Alex defeated his ex-partner Todd Carpenter and ensured he’d be doing a long stint in prison. He also made peace, or the start of it, with his estranged daughter Evelyn. Everything that had been on his shoulders was lifted in that last episode. Now Alex can be happier and build something new for himself, and viewers are happier for him and can’t wait to see what that something will be.

Because knowing Alex, it’s going to be something a little bit crazy.

Dean Devlin had Christian Kane in mind from the start for the role of Alex Walker, and it’s easy to see why from how Christian has knocked the part out of the park. Almost Paradise has given him a lot to do, both comedy and drama, and that is not an easy balancing act but he hasn’t missed a step in the first 10 episodes.

So much of the humor in the series comes from Alex’s reactions to what is happening around him, and the reactions that he prompts in everyone else. That’s not something that can completely be scripted; it comes from Christian Kane’s facial expressions, the tone with which he delivers a line, and the rapport he’s able to build with his co-stars and guest stars.

But there also has to be some weight underneath the jokes. There needs to be depth to the hero, a reason for fans to invest in him, and to care about what he goes through. Alex had to have gravity to him, especially since his starting point in the show was coming out of a difficult place. That pain and that introspection had to be honored, and Christian has done a wonderful job of weaving that into each episode.

He didn’t turn Alex into a caricature just because he was no longer a crack DEA agent; he kept that very serious and very intense part of the character simmering just underneath the surface. That’s not only been great for Alex, but great for the entire show, because it gives the show a credibility that it needs—it’s not just light entertainment. What happens on Almost Paradise matters and it all starts with Alex Walker.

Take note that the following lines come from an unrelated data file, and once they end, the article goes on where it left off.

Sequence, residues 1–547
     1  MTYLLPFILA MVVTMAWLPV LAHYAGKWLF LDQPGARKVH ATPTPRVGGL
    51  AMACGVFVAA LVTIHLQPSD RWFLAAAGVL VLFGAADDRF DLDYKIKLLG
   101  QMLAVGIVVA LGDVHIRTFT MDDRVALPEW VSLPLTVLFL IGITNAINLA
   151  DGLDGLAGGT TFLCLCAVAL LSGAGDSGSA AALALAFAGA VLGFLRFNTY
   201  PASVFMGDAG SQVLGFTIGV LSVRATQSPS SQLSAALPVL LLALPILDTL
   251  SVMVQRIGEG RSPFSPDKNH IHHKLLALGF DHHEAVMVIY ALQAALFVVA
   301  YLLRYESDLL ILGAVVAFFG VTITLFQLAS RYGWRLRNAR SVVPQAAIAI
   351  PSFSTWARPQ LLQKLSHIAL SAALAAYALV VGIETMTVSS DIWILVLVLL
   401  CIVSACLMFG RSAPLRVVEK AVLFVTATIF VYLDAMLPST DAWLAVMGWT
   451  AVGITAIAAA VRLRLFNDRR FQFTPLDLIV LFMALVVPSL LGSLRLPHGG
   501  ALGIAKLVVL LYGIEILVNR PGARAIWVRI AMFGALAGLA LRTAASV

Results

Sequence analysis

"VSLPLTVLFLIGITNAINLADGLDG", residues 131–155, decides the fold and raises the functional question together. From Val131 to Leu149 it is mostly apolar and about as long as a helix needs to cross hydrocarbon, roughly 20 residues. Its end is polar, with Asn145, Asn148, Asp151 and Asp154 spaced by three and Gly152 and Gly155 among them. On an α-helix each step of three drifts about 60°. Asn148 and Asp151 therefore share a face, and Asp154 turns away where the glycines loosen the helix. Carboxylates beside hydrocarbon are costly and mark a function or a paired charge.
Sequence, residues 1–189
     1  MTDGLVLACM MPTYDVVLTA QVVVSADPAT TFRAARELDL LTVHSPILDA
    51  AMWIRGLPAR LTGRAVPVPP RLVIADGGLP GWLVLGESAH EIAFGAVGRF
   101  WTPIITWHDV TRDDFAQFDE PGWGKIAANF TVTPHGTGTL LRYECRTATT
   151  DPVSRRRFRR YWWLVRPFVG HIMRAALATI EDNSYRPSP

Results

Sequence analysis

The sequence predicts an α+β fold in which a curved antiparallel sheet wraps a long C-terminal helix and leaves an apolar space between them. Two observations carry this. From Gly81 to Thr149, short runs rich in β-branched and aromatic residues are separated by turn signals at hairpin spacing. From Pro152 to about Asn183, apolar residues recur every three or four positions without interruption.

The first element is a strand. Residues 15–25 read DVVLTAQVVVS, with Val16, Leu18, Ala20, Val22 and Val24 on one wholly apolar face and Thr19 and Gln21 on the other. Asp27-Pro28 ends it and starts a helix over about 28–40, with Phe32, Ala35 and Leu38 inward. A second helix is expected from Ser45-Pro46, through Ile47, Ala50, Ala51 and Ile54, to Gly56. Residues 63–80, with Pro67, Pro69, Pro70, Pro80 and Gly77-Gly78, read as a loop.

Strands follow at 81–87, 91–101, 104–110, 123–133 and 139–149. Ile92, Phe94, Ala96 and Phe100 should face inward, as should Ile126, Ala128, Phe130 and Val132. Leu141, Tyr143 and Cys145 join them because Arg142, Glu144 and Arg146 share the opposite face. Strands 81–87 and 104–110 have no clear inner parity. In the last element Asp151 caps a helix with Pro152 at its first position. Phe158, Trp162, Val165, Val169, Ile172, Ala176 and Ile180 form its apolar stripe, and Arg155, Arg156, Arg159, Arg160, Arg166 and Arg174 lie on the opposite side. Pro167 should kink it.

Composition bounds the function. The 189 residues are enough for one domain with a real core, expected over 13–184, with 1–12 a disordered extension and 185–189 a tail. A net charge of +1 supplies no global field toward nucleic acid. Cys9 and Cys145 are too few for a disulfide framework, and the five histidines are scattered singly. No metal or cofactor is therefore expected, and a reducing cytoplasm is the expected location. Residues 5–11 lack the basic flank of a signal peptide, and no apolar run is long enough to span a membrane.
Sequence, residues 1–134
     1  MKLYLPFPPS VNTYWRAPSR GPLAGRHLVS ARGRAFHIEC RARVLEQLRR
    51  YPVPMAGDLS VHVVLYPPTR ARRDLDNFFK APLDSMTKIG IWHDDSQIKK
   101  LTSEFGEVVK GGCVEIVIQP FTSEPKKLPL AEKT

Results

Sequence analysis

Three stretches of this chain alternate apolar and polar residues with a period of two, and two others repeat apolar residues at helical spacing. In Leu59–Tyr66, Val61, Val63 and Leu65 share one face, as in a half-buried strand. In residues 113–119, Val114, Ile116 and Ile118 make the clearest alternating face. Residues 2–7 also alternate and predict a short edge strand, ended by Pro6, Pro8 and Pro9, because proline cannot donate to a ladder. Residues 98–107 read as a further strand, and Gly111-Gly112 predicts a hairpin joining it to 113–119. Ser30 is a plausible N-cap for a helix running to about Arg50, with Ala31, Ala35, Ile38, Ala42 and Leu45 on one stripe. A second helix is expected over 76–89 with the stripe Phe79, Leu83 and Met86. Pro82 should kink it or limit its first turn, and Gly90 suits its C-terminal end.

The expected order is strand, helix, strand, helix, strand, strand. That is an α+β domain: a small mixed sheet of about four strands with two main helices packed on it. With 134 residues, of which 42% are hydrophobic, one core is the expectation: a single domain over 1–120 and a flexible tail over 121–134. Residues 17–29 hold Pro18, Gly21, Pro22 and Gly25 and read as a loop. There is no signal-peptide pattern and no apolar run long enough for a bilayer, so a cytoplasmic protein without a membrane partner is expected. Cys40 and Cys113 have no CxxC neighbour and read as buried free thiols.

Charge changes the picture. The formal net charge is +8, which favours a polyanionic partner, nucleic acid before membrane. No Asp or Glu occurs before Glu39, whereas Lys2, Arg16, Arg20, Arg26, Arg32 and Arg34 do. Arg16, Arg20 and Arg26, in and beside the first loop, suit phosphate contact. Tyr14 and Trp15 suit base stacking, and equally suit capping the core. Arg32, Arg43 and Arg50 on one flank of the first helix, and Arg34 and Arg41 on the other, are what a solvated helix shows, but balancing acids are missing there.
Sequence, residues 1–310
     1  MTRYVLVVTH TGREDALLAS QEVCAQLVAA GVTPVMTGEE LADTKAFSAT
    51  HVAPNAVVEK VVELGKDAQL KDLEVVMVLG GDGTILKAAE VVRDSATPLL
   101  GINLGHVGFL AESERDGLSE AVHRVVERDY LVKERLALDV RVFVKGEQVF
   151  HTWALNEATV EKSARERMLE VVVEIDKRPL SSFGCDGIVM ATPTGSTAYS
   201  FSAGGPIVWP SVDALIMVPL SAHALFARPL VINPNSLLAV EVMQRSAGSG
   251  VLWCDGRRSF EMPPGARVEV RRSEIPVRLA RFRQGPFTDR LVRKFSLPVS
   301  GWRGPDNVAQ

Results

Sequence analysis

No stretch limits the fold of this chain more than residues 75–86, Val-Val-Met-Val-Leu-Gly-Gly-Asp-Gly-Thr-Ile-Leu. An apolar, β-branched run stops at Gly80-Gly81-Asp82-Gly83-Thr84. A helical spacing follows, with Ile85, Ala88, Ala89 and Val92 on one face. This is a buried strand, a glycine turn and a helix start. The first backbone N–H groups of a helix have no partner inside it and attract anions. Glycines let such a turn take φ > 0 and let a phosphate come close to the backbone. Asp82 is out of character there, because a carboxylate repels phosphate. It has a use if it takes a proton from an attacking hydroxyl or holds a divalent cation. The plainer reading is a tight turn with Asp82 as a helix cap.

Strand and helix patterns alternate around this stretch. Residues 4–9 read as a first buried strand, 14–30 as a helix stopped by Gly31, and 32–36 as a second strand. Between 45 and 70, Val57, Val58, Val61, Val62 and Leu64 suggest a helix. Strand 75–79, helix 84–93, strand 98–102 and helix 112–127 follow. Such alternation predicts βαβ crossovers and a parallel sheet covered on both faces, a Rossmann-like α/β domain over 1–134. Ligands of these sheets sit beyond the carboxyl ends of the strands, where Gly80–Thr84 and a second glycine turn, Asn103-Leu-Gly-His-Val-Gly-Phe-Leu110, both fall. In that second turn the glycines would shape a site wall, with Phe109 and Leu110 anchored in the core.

What’s great about Alex, too, is how human he is. He’s not an archetypal hero; he feels like an ordinary guy who just happened to become a hero. He can be snarky and neurotic and a little bit much at times, and then compassionate and thoughtful and a true badass at others. Alex will always do the right thing; he just doesn’t always do it the conventional way. And that not only is fun as a viewer to watch, but it’s easier to identify with because he doesn’t feel too perfect or like we’re looking up at him.

The finale was Alex Walker in a nutshell: he busted a corrupt ex-federal agent and saved his daughter, but he did it with guns he kept in a fake fish and by staging a criminal accountant’s death. And we could see and understand every emotion he went through while he was doing it, including that sense of accomplishment when it was all over.

Hopefully there will be an Almost Paradise season 2; if any show deserves a sophomore pickup, this is it. That’s because while Alex’s journey might have gotten off to a shaky start, it blossomed as the season went on. Now with Alex having put the past behind him (or in handcuffs), there’s no limit to what he can do next—and we as an audience want to see him flourish too. While the finale ended one chapter in his life, the real story of Alex Walker is just beginning, and it’s going to be one heck of an adventure.

Next. Christian Kane talks Almost Paradise finale. dark

Almost Paradise season 1 is available for streaming on Amazon Video and through the Electric Now app.